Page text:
The critically-acclaimed new movieto publish top-secret government documents detailing America’s decades-long involvement in the Vietnam War. At the center of the Steven Spielberg-directed film is , who grapples with whether to publish the Pentagon Papers and finding her footing in an industry largely dominated by men.
If it weren’t for two other inspiring women – a 32-year-old first-time screenwriter and a former studio head whose career was nearly derailed by hackers – it’s possible the movie never would have been made.
CBS News’ Alex Wagner spoke to them about the power of Graham’s story, the movie, and why the movie had to be made now.
“I thought that I was gonna write this movie and maybe it would get me an agent. That was my expectation is that maybe I would get an agent,” Liz Hannah said.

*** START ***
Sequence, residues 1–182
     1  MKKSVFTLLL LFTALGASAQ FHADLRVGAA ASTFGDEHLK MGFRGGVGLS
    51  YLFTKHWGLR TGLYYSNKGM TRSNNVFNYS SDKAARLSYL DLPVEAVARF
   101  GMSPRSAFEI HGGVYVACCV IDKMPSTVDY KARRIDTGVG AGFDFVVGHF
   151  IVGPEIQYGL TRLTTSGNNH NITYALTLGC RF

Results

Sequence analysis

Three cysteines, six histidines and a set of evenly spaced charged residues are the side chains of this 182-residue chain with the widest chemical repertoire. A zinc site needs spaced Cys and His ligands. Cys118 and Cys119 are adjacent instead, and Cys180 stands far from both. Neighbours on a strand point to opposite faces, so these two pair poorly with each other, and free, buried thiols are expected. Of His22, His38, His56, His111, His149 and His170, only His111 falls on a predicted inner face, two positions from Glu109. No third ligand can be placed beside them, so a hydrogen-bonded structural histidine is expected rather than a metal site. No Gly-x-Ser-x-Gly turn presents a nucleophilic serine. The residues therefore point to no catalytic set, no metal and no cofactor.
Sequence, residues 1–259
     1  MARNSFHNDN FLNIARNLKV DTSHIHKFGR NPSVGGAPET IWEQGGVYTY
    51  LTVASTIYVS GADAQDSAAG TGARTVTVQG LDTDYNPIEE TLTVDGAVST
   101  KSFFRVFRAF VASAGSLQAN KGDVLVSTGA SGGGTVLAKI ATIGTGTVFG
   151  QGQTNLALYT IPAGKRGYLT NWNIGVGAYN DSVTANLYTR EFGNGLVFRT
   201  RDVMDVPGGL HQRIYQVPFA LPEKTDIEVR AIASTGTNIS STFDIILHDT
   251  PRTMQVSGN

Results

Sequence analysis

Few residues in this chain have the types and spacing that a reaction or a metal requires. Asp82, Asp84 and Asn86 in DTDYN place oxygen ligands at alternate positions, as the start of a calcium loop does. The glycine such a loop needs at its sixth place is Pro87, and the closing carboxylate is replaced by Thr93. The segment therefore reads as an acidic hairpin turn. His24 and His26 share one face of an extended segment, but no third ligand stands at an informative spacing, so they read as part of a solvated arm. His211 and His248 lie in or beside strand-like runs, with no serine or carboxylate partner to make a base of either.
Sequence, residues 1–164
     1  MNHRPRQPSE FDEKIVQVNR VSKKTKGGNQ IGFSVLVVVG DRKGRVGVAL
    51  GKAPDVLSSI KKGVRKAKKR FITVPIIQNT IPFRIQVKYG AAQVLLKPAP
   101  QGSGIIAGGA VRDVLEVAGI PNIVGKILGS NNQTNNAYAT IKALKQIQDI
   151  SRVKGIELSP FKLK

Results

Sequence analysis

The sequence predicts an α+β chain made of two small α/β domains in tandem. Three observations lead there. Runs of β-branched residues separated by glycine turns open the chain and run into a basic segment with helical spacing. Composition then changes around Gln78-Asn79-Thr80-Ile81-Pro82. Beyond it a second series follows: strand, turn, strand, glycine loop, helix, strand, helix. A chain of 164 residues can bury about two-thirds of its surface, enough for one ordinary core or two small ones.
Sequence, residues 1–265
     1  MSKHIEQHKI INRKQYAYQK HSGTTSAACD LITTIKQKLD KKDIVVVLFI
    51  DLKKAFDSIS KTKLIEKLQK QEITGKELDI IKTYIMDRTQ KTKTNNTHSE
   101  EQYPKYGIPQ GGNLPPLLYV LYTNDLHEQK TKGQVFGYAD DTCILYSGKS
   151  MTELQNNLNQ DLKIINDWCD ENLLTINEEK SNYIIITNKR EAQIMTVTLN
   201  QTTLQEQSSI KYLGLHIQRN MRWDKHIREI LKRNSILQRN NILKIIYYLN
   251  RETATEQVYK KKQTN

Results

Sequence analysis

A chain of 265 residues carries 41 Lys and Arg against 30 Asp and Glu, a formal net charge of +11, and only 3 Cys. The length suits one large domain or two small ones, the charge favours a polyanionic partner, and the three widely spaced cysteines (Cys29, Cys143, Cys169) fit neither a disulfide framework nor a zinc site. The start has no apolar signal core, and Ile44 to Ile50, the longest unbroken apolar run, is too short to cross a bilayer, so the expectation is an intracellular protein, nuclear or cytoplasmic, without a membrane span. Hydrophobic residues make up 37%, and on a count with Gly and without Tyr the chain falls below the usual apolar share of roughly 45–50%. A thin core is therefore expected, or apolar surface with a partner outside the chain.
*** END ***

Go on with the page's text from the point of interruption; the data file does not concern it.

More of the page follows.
Hannah – inspired by the memoir of former Washington Post publisher Katharine Graham – wrote the screenplay in the summer of 2016 but she never expected “The Post” to be made. Then her manager leaked it to a handful of producers, including Amy Pascal.
“I read the script. Someone in my office got it, gave it to me, said, ‘I think you’re gonna really like this.’ I sat down and I read it and I bought it,” Pascal said. “And I loved it because it beautifully encapsulated a story of a woman finding her voice. And our country finding its voice at the same.”
Graham, played by Meryl Streep, faced enormous pressure from an all-male board of directors to take The Washington Post public – just as The New York Times published a blockbuster story on the Pentagon Papers.
When a federal court ordered the Times to stop publishing additional stories, it fell on Graham to decide whether to allow The Washington Post, and its editor Ben Bradlee, to go forward with the…